Caregiving network under critical strain
The death of an elderly Kailua man by his own hand is a complicated case in which all the facts are still awaiting the completion of police investigations.
Still, the tragedy of Robert Yagi, 71, casts a spotlight on Hawai'i's patchy network of family caregivers, the people most crucial to the delivery of care to our growing population of aging elders.
Yagi, by all accounts a loving caregiver to his ailing spouse, killed himself in the wake of his arrest on charges that he shot his wife in the hospital where she is a terminal patient.
This is an extreme and heart-rending case. But it underscores an underlying condition that can apply to a broad group: Hawai'i's overwhelming need for community support of caregivers.
The demand for at-home care of elders will increase dramatically in the coming years, due to the aging of the Baby Boom generation, the population's largest contingent.
In Hawai'i it's a particular problem because this state posts the nation's highest occupancy rate in nursing-home beds. It's crucial that there be enough support services in the community that can be tapped by elders still capable of living alone, and by the caregivers who step in when assistance is needed. Without support, the most devoted caregiver can succumb to the strain of duty.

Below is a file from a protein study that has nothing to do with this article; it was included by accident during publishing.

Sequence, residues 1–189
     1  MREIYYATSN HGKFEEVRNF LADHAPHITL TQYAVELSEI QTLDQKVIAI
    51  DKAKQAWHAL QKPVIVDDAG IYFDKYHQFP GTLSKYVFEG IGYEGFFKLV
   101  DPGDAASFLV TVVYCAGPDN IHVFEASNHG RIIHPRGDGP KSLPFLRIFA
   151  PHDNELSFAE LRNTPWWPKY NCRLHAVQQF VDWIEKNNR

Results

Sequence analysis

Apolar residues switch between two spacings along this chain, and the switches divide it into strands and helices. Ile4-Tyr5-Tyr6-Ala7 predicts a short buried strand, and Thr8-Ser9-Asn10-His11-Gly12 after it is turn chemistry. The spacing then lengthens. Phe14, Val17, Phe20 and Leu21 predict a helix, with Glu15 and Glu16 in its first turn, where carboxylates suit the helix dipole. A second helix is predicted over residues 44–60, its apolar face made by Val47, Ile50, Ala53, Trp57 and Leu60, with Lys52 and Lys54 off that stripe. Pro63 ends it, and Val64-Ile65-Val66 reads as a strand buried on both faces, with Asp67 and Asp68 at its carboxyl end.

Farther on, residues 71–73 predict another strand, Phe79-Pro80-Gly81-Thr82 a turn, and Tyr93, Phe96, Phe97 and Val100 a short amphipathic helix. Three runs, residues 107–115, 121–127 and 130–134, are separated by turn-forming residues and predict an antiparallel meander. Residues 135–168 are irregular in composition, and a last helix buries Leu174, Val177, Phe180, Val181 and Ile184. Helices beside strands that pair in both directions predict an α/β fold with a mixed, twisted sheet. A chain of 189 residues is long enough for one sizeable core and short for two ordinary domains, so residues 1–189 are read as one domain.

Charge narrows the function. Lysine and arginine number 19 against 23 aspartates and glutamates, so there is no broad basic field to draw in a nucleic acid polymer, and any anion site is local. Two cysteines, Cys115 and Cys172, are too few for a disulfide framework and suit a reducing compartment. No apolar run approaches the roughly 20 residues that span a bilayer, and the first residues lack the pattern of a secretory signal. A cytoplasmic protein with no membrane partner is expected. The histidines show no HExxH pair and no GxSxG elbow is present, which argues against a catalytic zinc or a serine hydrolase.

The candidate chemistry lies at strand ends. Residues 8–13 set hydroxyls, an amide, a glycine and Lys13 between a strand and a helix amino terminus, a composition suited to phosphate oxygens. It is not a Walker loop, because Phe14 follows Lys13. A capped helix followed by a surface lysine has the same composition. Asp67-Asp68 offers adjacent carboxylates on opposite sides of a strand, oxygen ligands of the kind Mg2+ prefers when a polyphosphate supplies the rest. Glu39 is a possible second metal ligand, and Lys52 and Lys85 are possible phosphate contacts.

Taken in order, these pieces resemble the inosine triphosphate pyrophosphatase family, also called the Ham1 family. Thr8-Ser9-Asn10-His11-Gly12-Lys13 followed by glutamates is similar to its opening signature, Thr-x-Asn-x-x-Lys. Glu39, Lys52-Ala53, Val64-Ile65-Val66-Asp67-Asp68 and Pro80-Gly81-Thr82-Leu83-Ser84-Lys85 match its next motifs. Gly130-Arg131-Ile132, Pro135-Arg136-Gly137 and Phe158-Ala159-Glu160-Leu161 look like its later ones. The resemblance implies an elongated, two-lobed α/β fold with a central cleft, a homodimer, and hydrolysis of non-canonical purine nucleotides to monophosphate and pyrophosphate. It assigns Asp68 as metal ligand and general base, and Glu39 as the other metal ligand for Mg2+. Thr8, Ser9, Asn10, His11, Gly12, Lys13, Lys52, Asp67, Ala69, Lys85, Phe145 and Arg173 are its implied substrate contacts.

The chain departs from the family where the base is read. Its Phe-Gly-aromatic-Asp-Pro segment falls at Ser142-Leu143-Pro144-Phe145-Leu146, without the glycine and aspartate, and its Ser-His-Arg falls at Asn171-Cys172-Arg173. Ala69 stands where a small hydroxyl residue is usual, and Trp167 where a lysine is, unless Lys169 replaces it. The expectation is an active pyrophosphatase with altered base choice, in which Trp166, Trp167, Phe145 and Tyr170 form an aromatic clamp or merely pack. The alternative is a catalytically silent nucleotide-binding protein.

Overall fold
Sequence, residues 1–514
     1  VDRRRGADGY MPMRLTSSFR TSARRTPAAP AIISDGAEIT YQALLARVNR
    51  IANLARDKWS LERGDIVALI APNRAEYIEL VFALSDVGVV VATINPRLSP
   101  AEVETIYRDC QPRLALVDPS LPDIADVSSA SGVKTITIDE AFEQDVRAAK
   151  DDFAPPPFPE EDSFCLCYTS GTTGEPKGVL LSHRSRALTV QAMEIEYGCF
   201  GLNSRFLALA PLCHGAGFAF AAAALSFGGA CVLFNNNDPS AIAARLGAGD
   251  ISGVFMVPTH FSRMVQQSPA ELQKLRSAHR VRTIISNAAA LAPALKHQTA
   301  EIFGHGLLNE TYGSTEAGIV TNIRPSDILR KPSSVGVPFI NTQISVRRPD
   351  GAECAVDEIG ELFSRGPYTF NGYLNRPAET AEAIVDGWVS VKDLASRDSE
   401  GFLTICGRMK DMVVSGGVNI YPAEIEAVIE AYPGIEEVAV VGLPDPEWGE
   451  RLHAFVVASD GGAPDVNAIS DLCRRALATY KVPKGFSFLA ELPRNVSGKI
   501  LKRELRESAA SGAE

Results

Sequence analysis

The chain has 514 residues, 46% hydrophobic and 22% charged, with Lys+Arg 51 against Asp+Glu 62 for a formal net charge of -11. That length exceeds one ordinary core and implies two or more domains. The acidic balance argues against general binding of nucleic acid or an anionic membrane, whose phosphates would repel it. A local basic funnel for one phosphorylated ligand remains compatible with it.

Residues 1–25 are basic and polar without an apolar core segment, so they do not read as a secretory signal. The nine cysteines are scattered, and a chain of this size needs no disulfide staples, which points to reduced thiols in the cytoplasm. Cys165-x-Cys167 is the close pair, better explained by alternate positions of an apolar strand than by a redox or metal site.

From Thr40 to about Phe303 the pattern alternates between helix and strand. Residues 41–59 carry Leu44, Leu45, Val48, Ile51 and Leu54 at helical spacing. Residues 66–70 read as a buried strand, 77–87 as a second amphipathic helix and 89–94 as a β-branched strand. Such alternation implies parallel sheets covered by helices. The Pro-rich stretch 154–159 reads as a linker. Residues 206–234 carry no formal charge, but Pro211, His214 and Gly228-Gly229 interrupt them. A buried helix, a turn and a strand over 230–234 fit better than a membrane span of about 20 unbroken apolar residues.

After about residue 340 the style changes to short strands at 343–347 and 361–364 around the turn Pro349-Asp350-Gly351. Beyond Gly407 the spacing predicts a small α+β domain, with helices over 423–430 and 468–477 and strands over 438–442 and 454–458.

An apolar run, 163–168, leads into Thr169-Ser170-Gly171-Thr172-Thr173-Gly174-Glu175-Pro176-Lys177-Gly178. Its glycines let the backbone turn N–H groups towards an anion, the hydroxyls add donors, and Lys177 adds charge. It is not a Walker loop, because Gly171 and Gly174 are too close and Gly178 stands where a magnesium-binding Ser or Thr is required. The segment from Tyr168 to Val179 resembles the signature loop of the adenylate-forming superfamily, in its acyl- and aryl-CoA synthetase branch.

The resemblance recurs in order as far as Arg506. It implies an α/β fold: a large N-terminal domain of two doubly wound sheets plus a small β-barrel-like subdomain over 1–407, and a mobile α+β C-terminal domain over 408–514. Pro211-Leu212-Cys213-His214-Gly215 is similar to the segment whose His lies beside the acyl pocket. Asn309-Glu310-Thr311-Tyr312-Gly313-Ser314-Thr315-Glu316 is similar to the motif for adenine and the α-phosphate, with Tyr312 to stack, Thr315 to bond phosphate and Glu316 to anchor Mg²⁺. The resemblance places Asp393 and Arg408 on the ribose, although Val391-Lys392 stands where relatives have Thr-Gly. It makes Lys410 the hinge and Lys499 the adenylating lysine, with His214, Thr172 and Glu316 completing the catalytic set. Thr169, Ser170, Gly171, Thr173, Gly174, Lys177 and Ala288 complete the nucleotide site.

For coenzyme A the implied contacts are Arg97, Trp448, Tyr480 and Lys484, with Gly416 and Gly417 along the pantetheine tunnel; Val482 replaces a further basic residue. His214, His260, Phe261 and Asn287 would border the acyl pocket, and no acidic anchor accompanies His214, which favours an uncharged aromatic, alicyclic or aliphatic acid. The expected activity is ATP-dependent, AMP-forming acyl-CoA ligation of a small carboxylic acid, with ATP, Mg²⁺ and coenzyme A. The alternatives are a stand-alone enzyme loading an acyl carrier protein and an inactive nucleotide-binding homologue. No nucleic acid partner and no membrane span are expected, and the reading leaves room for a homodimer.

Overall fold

Creating this support is an imperative still unmet in Hawai'i. This challenge cannot be waved off as a future problem. It needs attention now.
In the immediate term, lawmakers must find a way to underwrite the support services that already exist in the communities. These include programs such as Kupuna Care, which is struggling just to maintain the same funding level it's received for seven years, while demand for services keeps mounting. The program is open to seniors on a sliding-fee scale, providing personal care, household services, meals, transportation, adult day programs and care management.
All of these services assist caregivers and enable seniors to remain at home longer, forestalling the time when institutional care may become necessary.
During today's difficult fiscal times, lawmakers should explore private partnerships that may help underwrite these services, to leverage the limited public funds available.
For the future, the state Long Term Care Commission has retained the research group RTI International to assess more precisely what support services our communities need and to craft a five-year plan to improve the network of support.
Having that guidance is absolutely crucial as Hawai'i confronts the realities of elder care. This state must bolster the work of caregivers that help seniors age in place — not only because that's the more affordable option open to so many families, but because the seniors themselves want to stay at home. They deserve that measure of dignity.